Rogers notes that the key is having crews that are looking at every part of the system on a regular basis.

New opportunities

The strong systems and routine already in place allow the utility to focus on the other side of its mission — distributing water. And across both the sewer and water divisions, Nyander says, Fayetteville is looking to make use of a wide range of new technological opportunities.

The city has given its GIS system a close review to make sure its records are accurate in identifying all utility elements and fixtures. But its embrace of technological aids has gone much further.

That includes bringing billing and metering into the smartphone age. It also includes employing software and new devices to improve inventory management. And the city is in the process of an extensive review of new leak detection solutions.

“We are researching the different software programs and services used for backflow devices,” adds Rogers. Currently, the backflow monitors are tested and inspected annually; the city is considering whether it could automate the process.

Persistent growth

Challenges remain.

“Northwest Arkansas is continuing to grow,” Nyander points out. Fayetteville is one of four cities clustered in the area that together account for half a million people.

“Over 20 people are moving in per day to the area,” he continues. “The challenge that will be there for everybody is capacity” — on both the water and sewer systems.  “We’re in good shape there, but we just have to keep a mindful eye.”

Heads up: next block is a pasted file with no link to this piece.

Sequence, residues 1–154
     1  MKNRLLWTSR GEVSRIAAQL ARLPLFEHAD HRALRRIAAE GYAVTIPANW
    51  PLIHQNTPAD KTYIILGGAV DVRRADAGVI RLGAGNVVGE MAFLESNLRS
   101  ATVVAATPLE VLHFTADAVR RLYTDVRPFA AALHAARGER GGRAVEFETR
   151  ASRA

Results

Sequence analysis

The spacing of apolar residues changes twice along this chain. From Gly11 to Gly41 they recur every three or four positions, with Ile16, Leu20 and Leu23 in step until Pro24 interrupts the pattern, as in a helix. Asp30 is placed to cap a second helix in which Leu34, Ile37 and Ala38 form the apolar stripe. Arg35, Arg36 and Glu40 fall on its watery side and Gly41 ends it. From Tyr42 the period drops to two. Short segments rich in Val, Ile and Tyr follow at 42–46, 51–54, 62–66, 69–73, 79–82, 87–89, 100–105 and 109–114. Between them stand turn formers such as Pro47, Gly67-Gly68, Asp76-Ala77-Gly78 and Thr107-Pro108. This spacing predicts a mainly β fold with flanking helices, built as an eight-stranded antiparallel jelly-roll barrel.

Commitment to technology

That’s why keeping up with tech developments is so important.

“It’s a commitment of the utility to incorporate new technology in our practices,” Nyander says. “There’s a fine line between being a leader and being a guinea pig. We always want to use tried-and-true methods, but at the same time we want to be on the leading edge in technology.”

For example, just as Fayetteville embraced CIPP lining on the sewer side, it’s looking at trenchless rehabilitation options on the water main side, says Rogers — most recently with the purchase of a directional boring machine from Vermeer.

“It saves a lot of time and a lot of money in some cases, especially in the historic district of the city where you can’t really tear up the roads,” Nyander adds.

Even as Fayetteville looks forward to continued improvement, it’s also looking back to make sure the lessons it learned over 20 years of working to eliminate SSOs are not forgotten. As Nyander puts it, “There are a lot of places where we don’t need to reinvent the wheel. We just need to continue going on.”